78. Solomon, P. (2004). Peer support/peer provided services underlying processes, benefits, and critical ingredients. Psychiatric Rehabilitation Journal, 27(4), 392–401.Google Scholar
  79. Sue, D. W., & Sue, D. (1990). Counseling the culturally different: theory and practice. Oxford, England: John Wiley & Sons.Google Scholar
  80. Teo, H.-H., Chan, H.-C., Wei, K.-K., & Zhang, Z. (2003). Evaluating information accessibility and community adaptivity features for sustaining virtual learning communities. International Journal of Human-Computer Studies, 59(5), 671–697. Scholar
  81. Todd, N. J., Jones, S. H., & Lobban, F. A. (2013). What do service users with bipolar disorder want from a web-based self-management intervention? A qualitative focus group study. Clinical Psychology & Psychotherapy, 20(6), 531–543. Scholar
  82. Torous, J., Staples, P., Shanahan, M., Lin, C., Peck, P., Keshavan, M., & Onnela, J.-P. (2015). Utilizing a personal smartphone custom app to assess the Patient Health Questionnaire-9 (PHQ-9) depressive symptoms in patients with major depressive disorder. JMIR mental health, 2(1), e8. Scholar
  83. Tracey, T. J., & Kokotovic, A. M. (1989). Factor structure of the Working Alliance Inventory. Psychological Assessment: A Journal of Consulting and Clinical Psychology, 1(3), 207–210. Scholar
  84. Tyler, T. R. (1997). The psychology of legitimacy: a relational perspective on voluntary deference to authorities. Personality and Social Psychology Review, 1(4), 323–345. Scholar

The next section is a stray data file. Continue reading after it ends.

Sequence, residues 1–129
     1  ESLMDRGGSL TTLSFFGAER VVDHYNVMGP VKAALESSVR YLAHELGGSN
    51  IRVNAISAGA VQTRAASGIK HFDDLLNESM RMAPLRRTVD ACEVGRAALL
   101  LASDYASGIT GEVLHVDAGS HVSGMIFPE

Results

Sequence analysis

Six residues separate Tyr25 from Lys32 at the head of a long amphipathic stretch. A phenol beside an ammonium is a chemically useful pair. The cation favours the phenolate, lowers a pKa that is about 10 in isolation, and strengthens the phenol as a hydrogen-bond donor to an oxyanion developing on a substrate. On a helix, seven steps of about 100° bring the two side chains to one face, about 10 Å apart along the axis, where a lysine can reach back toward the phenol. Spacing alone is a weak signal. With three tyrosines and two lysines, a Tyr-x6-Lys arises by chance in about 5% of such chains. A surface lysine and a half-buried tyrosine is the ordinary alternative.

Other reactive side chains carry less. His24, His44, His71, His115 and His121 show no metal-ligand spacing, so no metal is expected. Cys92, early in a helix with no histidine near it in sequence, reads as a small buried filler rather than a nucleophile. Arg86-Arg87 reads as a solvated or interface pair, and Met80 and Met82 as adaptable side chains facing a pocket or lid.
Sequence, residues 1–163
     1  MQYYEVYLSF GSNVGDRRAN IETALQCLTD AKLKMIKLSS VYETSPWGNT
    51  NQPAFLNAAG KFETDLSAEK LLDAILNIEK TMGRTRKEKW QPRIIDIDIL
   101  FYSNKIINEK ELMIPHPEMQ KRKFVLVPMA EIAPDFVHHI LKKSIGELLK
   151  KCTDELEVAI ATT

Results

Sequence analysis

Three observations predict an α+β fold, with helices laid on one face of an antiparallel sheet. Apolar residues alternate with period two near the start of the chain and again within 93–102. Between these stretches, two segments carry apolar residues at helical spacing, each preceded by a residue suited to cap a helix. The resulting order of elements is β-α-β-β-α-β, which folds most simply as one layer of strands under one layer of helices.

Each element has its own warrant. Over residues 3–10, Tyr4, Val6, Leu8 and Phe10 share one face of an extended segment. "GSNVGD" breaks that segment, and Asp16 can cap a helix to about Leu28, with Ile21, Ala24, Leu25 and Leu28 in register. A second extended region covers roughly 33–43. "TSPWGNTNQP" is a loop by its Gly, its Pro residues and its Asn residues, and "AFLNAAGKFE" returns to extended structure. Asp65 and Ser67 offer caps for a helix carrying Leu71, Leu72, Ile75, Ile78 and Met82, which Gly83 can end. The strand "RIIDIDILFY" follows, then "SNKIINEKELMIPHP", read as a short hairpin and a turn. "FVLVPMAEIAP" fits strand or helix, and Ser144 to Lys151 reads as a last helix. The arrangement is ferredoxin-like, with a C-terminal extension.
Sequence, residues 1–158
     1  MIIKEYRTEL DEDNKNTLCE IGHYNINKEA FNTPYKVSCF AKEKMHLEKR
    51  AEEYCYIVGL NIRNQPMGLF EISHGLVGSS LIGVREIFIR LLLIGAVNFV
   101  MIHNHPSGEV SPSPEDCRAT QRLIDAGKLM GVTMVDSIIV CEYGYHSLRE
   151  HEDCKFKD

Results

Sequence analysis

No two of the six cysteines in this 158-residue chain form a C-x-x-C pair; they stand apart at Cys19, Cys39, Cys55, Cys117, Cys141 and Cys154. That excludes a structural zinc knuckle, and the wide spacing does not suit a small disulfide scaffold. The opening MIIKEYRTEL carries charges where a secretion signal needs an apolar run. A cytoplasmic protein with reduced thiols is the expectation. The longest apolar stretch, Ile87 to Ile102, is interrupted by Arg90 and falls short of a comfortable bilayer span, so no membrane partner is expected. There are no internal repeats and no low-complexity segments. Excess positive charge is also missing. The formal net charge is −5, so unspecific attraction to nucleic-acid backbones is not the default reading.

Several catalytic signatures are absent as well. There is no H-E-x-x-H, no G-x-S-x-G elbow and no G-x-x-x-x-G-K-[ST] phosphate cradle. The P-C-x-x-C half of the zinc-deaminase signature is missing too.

85. Vance, K., Howe, W., & Dellavalle, R. P. (2009). Social internet sites as a source of public health information. Dermatologic Clinics, 27(2), 133–136. Scholar
  86. Wampold, B. E. (2015). How important are the common factors in psychotherapy? An update. World Psychiatry, 14(3), 270–277.Google Scholar
  87. World Health Organization. (2018). Guidelines for the management of physical health conditions in adults with severe mental disorders. Geneva: World Health Organization.Google Scholar
  88. Wright, D. (1997). Getting out of the asylum: understanding the confinement of the insane in the nineteenth century. Social History of Medicine, 10(1), 137–155.Google Scholar
  89. Zhao, L., Lu, Y., Wang, B., Chau, P. Y. K., & Zhang, L. (2012). Cultivating the sense of belonging and motivating user participation in virtual communities: a social capital perspective. International Journal of Information Management, 32(6), 574–588. Scholar

Copyright information

© Springer Nature Switzerland AG 2019

Authors and Affiliations

  • Karen L. Fortuna
    • 1
    • 2
    Email author
  • Jessica M. Brooks
    • 3
  • Emre Umucu
    • 4
  • Robert Walker
    • 5
  • Phillip I. Chow
    • 6
  1. 1.The Geisel School of Medicine at DartmouthConcordUSA
  2. 2.CDC Health Promotion Research Center at DartmouthLebanonUSA
  3. 3.James J. Peters VA Medical Center, Geriatric Research, Education and Clinical CenterThe BronxUSA
  4. 4.Department of Rehabilitation SciencesUniversity of Texas at El PasoEl PasoUSA
  5. 5.Massachusetts Department of Mental HealthBostonUSA
  6. 6.Department of Psychiatry and Neurobehavioral SciencesUniversity of VirginiaCharlottesvilleUSA

Personalised recommendations